Hey all, I’m going to be travelling for a couple weeks out of the country. I’ll be out of contact so your comments may not show up on a timely basis and my replies will certainly be lacking.
I will be returning late September.
I have tried to prepare a few automated posts (short ones) to show up in my absence so enjoy that.
My reading list while I am away will be:
- The Ancestor’s Tale by Richard Dawkins
- The Stranger by Albert Camus
- Commonwealth by Antonio Negri and Michael Hardt
- The Fortress of Solitude by Johnathan Lethem
Talk to you again soon.
As a summer project for myself I have started reading Karl Marx’s Capital: A Critique of Political Economy, Volume One. I picked up the Penguin Classics edition translated by Ben Fowkes. I’ve long been intimidated by the thick text and the reputation of being an incredibly complex read, but since leaving the throes of liberalism these past couple of years and finding clarity in Marxist ideologies I’ve also felt a responsibility to read and understand the book. Recently, I was lucky enough to see David Harvey speak at a leftist forum and during one of the panels he mentioned of his book A Companion To Marx’s Capital and I knew that this could be my opportunity finally conquer Marx’s magnum opus.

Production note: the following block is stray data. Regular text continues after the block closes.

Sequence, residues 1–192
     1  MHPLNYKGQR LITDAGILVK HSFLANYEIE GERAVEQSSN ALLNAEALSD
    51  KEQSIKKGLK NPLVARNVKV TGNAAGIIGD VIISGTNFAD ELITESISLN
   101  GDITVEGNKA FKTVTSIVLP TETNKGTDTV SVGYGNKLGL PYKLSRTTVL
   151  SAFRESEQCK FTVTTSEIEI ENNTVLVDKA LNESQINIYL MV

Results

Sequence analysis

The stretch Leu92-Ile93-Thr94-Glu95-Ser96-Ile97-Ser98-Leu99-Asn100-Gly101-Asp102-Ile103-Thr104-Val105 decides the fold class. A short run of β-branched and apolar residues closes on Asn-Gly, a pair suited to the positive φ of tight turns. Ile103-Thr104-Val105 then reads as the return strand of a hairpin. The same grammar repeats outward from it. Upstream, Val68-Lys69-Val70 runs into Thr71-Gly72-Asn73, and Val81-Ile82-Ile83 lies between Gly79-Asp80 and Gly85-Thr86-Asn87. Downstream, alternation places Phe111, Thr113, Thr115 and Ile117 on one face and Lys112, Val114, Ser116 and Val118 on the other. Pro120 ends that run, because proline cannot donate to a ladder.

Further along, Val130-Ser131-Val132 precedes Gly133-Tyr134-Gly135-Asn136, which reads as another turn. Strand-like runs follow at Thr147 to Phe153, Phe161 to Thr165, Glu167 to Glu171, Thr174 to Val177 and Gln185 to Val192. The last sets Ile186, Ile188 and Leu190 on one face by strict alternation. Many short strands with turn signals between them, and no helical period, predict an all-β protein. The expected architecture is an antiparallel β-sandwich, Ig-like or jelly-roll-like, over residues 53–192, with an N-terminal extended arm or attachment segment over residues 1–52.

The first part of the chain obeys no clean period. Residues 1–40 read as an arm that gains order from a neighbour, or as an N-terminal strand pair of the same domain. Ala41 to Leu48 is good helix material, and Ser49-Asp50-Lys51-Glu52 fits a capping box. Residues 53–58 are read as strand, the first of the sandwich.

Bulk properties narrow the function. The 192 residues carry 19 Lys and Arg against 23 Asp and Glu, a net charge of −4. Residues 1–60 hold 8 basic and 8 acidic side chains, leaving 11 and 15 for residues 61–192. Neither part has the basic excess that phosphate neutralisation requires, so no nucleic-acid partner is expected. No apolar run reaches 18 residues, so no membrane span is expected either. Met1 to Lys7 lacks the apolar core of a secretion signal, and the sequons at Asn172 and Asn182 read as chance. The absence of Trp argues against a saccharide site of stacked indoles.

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Last week, a desperate and angry man killed himself and an office worker in an attack so reminiscent of 9/11 that it begs the questions, why is this man not considered a terrorist? Could it be that he didn’t kill enough people? Maybe that he’s white? Maybe it’s that he doesn’t seem to be of the Muslim faith? Maybe the Obama administration is terrified of the response should this be labeled such. Or perhaps, what I think is most likely the issue, it’s that the conservatives find sympathy not in the actions but in his cause and given the lack of blood this becomes palatable for them.
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